Phi Beta Cons

Alternative Groups

In surveying the academic scene, especially the humanities, one can easily get carried away by the negative. But there are spots of light, and they deserve more attention. One is the Association of Literary Scholars and Critics, a scholarly organization founded around 20 years ago. It started as an anti-Modern Language Association, when arguments over the canon, politicized curricula, and race/class/gender themes reached the public eye. But for the last few years, the ALSC has settled into a fairly apolitical identity, and its members come from all across the spectrum. What characterizes it most importantly is a focus on literary study as a practice with its own integrity–not disconnected from political and social matters, but not exhausted by them either.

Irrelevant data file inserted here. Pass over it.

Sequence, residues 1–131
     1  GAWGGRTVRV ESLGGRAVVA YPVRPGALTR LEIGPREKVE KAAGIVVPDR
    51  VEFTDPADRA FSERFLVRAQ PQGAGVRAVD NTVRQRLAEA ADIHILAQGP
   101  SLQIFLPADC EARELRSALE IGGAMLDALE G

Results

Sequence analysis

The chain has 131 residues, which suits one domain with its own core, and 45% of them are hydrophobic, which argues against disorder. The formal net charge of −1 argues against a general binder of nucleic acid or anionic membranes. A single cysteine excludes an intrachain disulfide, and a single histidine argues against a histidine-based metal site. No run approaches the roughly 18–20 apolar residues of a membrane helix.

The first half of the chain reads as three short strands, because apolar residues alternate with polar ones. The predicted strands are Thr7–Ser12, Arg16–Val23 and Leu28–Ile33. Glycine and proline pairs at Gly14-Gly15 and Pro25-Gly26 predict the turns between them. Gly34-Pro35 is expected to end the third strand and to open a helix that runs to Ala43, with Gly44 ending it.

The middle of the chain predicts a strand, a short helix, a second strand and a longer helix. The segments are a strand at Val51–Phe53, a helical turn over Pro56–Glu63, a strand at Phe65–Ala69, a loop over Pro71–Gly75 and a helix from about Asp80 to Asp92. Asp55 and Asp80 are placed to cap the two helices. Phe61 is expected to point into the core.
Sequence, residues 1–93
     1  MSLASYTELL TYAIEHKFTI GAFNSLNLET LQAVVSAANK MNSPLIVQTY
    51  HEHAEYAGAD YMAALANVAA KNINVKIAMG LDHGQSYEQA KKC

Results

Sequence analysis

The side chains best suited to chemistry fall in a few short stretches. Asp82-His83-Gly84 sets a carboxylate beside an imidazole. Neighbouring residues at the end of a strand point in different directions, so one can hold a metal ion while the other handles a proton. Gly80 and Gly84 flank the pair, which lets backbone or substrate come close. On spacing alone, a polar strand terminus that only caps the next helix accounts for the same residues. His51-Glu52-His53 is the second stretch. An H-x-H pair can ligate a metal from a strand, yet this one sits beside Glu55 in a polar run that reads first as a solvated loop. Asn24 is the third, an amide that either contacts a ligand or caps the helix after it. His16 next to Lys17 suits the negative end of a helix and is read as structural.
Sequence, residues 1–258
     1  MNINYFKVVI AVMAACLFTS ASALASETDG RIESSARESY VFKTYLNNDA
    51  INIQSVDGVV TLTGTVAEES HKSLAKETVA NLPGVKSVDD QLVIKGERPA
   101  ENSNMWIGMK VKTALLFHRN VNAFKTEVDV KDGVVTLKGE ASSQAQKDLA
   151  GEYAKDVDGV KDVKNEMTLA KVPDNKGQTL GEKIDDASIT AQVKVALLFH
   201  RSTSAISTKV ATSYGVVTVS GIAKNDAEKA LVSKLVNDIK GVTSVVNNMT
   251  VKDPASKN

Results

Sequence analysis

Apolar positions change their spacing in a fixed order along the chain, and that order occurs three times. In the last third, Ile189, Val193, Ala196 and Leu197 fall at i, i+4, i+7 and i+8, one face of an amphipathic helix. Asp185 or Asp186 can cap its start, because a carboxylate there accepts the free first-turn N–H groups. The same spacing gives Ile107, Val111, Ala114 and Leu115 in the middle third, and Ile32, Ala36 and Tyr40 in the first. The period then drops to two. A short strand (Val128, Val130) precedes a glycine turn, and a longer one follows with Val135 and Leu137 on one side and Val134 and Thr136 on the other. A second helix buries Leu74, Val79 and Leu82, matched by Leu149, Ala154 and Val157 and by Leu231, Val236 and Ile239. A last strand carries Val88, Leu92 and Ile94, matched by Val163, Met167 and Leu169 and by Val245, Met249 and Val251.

The annual convention is in San Francisco this year, in October, and the list of panels gives an idea of the outlook. We have discussions of John Donne, Graeco-Roman lyric, science fiction, literature in K-12 classrooms (I’ll be on that one), and many others, along with several seminars with a dozen or so speakers speaking for around 5 minutes each.  The discourse isn’t aimed at specialists, but at anybody with an abiding interest in literary history and experience.
For more information, the web site is www.bu.edu/literary.

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